On Sunday, August 29, Hurricane Ida made landfall on the Gulf Coast as a category 4 hurricane, bringing with it 150 mph winds and an influx of water that was so large it reportedly reversed the flow of the Mississippi River temporarily. Ida was one of the largest hurricanes of the last century to hit the Gulf Coast.
Although evacuations for areas in the storm’s path were advised several days prior to the storm, as landfall loomed closer, officials began urging residents to shelter in place to avoid moving during life-threatening conditions. On the day the storm made landfall, which was also the 16th anniversary of Hurricane Katrina, the high potential for catastrophic impact was made a reality as storm surges, flooding, power outages, structural damage, and threats to life and health quickly ravaged the entire area. More than one million people are now without power as recovery begins.
An Already Dire Situation Made Worse
These direct threats are now exacerbated by the ongoing impact that the COVID-19 pandemic has had on the region, especially Louisiana. The state remains one of the lowest-vaccinated states in the country, and now, emergency hurricane response conditions are further complicated by the ongoing public health crisis.
The area’s health systems – already strained with health care workers caring for surges of COVID-19 patients – now battle an even more precarious situation. Health care facility damage, power outages, lack of access to PPE, shortages of medications and supplies, along with supply chain mobility interruptions have escalated the situation to a critical status.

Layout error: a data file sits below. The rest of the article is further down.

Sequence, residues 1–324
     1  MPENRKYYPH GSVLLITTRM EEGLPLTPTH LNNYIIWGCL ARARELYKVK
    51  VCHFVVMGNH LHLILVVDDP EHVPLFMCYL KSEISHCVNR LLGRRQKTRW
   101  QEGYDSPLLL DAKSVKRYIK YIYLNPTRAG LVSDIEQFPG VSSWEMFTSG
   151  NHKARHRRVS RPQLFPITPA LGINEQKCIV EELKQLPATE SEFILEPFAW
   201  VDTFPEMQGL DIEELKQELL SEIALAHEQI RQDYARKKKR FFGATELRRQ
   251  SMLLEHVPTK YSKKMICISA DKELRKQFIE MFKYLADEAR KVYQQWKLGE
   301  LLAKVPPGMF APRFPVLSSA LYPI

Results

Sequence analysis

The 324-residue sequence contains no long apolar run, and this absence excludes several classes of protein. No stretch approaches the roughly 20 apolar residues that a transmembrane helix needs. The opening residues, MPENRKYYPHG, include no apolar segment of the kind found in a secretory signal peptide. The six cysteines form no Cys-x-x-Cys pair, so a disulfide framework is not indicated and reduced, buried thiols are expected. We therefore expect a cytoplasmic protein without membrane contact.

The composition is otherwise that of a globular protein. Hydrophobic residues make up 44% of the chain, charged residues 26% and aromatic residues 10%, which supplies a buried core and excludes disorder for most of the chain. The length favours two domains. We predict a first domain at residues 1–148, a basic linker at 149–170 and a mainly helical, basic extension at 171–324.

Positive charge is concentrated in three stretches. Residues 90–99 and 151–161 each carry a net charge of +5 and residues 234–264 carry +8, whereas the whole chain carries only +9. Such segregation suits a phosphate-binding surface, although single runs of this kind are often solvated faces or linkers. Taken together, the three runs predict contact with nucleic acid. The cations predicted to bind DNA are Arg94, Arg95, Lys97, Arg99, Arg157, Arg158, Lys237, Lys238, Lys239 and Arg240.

Fortunately, various groups from across the country are coming together to help healthcare workers in the area in many amazing ways.
Enter Project HOPE
Project HOPE is a global health and humanitarian organization that is mobilizing teams to the Gulf Coast to assess conditions and assist health systems throughout the area. Volunteer health care workers are engaging in a network to provide on-site support as is needed as the leaders of local health systems navigate conditions and address the needs of communities. Partners engaged in the campaign include the National Association of Free & Charitable Clinics, Healthcare Ready, and several others.
Project HOPE anticipates a large-scale collaborative emergency response effort to serve those who have been most deeply impacted by Hurricane Ida. Founded in 1958, Project HOPE works alongside local health systems to improve healthcare and support community resilience.
Hinds County Provides Rides for Frontline Workers
Another group is helping to ensure that healthcare workers have every available boon possible; the Hinds County, Mississippi Sheriff’s Office has announced that it is providing rides to healthcare workers who are in need in the aftermath of Hurricane Ida. With dangerous flooding, downed trees and power lines, structural damage and other threats, the Sheriff’s Department will “assist in the transport of essential medical personnel to and from hospitals, if needed,” said Interim Hinds County Sheriff Marshand Crisler on Sunday, August 29. Those frontline workers in the area who are in need of a ride can call the Sheriff’s Department at 601-352-1521 for assistance.
Additional Assistance from National Organizations
Dozens of other organizations from across the country are also involved with providing relief to the disaster-struck Gulf Coast, as well.
The American Red Cross currently has more than 60 shelters open and has sent hundreds of workers to Louisiana, Mississippi, and Texas. The Salvation Army has units in Texas that are operating more than 35 mobile kitchens, laundry units, and shower units, along with other resources they have made available. Assistance from other groups include that of FEMA, the National Guard, World Vision, several United Way chapters, Mutual Aid Disaster Relief, Imagine Water Works, and many others.
For more information on how you can help Hurricane Ida victims, visit any of the websites of the above organizations or the FEMA website.